Last Friday, Prime Minister Narendra Modi used the words “Urban Naxals” to describe those he said were stalling the construction of the Sardar Sarovar Dam. This continues a common theme where he has attacked what is called “civil society”, which he sees as an enemy.
On February 21, 2016, he had said at a rally in Bhubaneshwar that he was “a victim of a conspiracy by NGOs”. This conspiracy, he claimed, was aimed at “finishing” him and removing his government. As evidence for this, he said: “You would have seen that morning to night, I am being attacked. Some people keep at it.”
Civil society, he said, was “also upset because I told a few NGOs to give us an account of the foreign funds that they spend here. They ganged up and said ‘beat Modi, beat Modi, he’s asking us for an account of our expenditure’.” The PM added: “They conspire from morning to night on ‘how do we finish Modi, how do we remove his government, how do we embarrass Modi?’. But my friends, you have voted me to rid the country of these diseases.”
It appears that Prime Minister Modi has to a large extent succeeded in achieving this goal. In December 2019, Parliament was told that since Mr Modi had taken office, 14,500 NGOs had been barred from accessing foreign funding. Funding collapsed by 90 per cent from $2.2 billion in 2018 to $295 million in 2019. It is not known how many Indians were affected because of this, not only the employees of the NGOs but those people who they were working with and for.
Mr Modi’s attack on the NGOs manifested in different forms of coercive action and through use of criminal law. Most notably, through changes in the FCRA law. The Foreign Contribution (Regulation) Act appeared in 1976 as a piece of legislation aimed at preventing external interference in India’s electoral process and democracy. It prohibited the receiving of foreign money to political parties and their candidates, journalists and newspaper publishers, judges, bureaucrats and members of Parliament.
In time, economic liberalisation meant that many of these categories of people were allowed to get foreign money and the Indian government, in fact, actively promoted the bringing in of such money. For instance, the media, both print and television as well as online, could receive foreign investment.
Even political parties managed to get themselves off the hook on FCRA. On March 28, 2014, the Delhi High Court had held that the BJP and the Congress were guilty of FCRA violations. The parties escaped through a change in the Union Budget of 2016, when the definition of foreign source was changed, legitimising donations received by political parties. With the electoral bonds scheme, the BJP and other parties were free to accept unlimited and even anonymous contributions from foreign sources. What remained regulated in the law were the non-government organisations, or NGOs. These were relentlessly squeezed and defunded through FCRA amendments under Prime Minister Modi.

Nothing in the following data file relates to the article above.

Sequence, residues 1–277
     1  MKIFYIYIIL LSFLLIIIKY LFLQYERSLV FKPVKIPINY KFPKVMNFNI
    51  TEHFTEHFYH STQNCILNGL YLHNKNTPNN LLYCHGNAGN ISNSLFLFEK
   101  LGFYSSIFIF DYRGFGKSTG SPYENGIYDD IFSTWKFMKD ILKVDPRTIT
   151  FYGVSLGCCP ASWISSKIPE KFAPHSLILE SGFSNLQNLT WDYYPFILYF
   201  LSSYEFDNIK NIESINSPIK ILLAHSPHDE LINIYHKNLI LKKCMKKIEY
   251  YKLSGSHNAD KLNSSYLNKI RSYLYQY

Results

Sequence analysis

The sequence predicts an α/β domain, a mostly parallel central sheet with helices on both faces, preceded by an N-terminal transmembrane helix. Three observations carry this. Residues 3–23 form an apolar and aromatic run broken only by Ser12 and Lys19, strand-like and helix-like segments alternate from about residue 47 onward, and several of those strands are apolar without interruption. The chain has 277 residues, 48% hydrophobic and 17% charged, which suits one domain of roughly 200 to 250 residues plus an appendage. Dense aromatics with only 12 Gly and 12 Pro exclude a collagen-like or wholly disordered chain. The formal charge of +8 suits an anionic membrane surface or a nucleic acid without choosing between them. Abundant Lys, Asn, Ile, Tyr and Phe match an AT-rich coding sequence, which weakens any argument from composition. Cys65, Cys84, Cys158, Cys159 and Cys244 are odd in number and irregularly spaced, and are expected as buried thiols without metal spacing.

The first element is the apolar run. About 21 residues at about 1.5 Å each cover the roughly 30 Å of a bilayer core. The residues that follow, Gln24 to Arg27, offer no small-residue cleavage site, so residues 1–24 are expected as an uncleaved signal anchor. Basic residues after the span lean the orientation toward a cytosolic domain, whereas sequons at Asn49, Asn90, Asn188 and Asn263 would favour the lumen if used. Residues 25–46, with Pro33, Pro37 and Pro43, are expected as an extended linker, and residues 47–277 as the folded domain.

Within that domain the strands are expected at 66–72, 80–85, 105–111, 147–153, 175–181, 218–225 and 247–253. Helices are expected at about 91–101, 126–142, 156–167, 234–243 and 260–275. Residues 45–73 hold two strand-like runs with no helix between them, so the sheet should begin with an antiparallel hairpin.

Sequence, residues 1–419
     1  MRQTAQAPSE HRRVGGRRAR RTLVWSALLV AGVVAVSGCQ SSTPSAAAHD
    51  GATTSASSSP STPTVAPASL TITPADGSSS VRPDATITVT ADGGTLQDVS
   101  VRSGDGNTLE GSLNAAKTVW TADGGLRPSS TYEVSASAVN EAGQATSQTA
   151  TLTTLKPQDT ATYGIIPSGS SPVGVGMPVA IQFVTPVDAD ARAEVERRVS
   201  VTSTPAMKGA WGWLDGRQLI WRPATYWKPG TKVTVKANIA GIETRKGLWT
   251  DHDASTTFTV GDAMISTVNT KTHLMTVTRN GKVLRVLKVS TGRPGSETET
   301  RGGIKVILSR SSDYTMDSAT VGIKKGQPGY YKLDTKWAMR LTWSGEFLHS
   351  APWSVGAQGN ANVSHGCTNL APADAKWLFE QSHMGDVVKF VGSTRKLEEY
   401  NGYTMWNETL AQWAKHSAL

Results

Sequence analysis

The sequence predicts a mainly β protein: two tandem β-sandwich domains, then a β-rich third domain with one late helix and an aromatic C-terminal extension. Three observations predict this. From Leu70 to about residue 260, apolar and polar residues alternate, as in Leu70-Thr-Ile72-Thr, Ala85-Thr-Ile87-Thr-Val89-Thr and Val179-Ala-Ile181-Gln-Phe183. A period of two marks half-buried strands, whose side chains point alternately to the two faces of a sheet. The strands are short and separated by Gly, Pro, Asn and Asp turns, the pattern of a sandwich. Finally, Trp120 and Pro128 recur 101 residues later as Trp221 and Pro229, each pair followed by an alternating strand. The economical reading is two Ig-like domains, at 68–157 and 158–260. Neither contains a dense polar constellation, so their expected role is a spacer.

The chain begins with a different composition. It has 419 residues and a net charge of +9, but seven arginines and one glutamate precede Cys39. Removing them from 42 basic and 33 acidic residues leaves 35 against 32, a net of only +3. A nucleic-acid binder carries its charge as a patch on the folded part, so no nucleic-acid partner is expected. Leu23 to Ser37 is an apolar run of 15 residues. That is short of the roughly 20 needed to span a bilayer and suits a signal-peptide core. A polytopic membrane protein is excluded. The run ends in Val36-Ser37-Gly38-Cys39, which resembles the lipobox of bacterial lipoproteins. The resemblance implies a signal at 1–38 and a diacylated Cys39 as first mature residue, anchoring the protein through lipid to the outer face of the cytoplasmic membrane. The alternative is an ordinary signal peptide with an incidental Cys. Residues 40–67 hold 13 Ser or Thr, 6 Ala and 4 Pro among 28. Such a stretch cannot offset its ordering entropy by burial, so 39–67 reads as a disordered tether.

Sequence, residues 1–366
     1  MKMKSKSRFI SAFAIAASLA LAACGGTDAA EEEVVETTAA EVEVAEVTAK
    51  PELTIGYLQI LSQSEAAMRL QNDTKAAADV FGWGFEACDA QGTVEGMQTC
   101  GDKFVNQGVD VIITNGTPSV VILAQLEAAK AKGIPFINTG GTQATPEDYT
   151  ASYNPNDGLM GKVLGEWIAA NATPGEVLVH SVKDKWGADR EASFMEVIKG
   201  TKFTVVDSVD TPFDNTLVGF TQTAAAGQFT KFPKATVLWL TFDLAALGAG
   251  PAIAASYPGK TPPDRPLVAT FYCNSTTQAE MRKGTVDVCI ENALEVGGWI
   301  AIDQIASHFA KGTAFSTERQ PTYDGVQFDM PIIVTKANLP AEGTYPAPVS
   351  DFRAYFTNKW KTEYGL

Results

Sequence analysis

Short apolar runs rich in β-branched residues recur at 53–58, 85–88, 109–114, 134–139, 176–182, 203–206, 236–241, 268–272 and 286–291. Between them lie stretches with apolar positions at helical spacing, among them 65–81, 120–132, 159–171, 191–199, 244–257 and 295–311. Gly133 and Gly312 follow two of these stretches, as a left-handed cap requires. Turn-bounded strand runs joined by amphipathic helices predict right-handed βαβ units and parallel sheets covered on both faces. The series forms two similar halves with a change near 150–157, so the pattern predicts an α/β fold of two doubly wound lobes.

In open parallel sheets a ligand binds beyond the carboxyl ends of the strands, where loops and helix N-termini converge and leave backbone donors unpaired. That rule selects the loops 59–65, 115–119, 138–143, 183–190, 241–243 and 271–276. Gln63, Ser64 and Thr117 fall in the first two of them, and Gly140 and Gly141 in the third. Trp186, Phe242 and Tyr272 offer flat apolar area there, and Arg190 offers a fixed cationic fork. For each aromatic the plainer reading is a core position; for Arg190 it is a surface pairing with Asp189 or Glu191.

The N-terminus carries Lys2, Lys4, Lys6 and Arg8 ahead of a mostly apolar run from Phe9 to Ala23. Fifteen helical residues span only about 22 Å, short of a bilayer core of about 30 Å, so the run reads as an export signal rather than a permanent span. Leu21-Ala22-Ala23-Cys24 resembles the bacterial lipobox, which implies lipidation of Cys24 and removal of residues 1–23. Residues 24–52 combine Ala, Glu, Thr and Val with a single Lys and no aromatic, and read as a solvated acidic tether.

The changes were in the main four — first, that the 23,000 NGOs which had an FCRA licence to receive foreign money could receive the funds only in the Parliament Street branch of the State Bank of India in New Delhi. The second change was that the NGO could spend only 20 per cent of the money it received on “administrative expenses”. Salaries, travel expenses, rent and all such things that constitute the bulk of what most NGOs spend their outlay on could only receive 20 per cent of the total. Third, that the law now prevented an NGO from redistribution of the funds it had received to other NGOs even if they were FCRA-compliant. This would hit the sector as NGOs do not compete with one another as the rest of the private sector does, and operate as networks. This change would damage their alliances and capacity to work with one another. Fourth, the law required that NGOs registering or renewing their FCRA licence would have to mandatorily give the Aadhaar numbers of all office-bearers, directors or other key functionaries. It also gave the government the authority at its discretion to suspend the FCRA for as long as it wanted. This is, needless to say, not how the rest of the private sector is treated. The corporate sector is not ordered to spend its money in a particular way or regulated in this seemingly arbitrary fashion. Such action is reserved for NGOs.
This kind of antagonism towards civil society was not new. As the chief minister of Gujarat, Mr Modi had said in a 2014 speech: “Another conspiracy — a vicious cycle is set up. Funds are obtained from abroad; an NGO is set up; a few articles are commissioned; a PR firm is recruited and, slowly, with the help of the media, an image is created. And then awards are procured from foreign countries to enhance this image. Such a vicious cycle, a network of finance-activity-award is set up and, once they have secured an award, no one in Hindustan dares raise a finger, no matter how many the failings of the awardee.”
As Prime Minister, he has had the agency and the freedom to go along with his desire to severely damage, if not entirely finish off, India’s civil society. And in substantial measure, through innovative ways, he has managed to achieve this.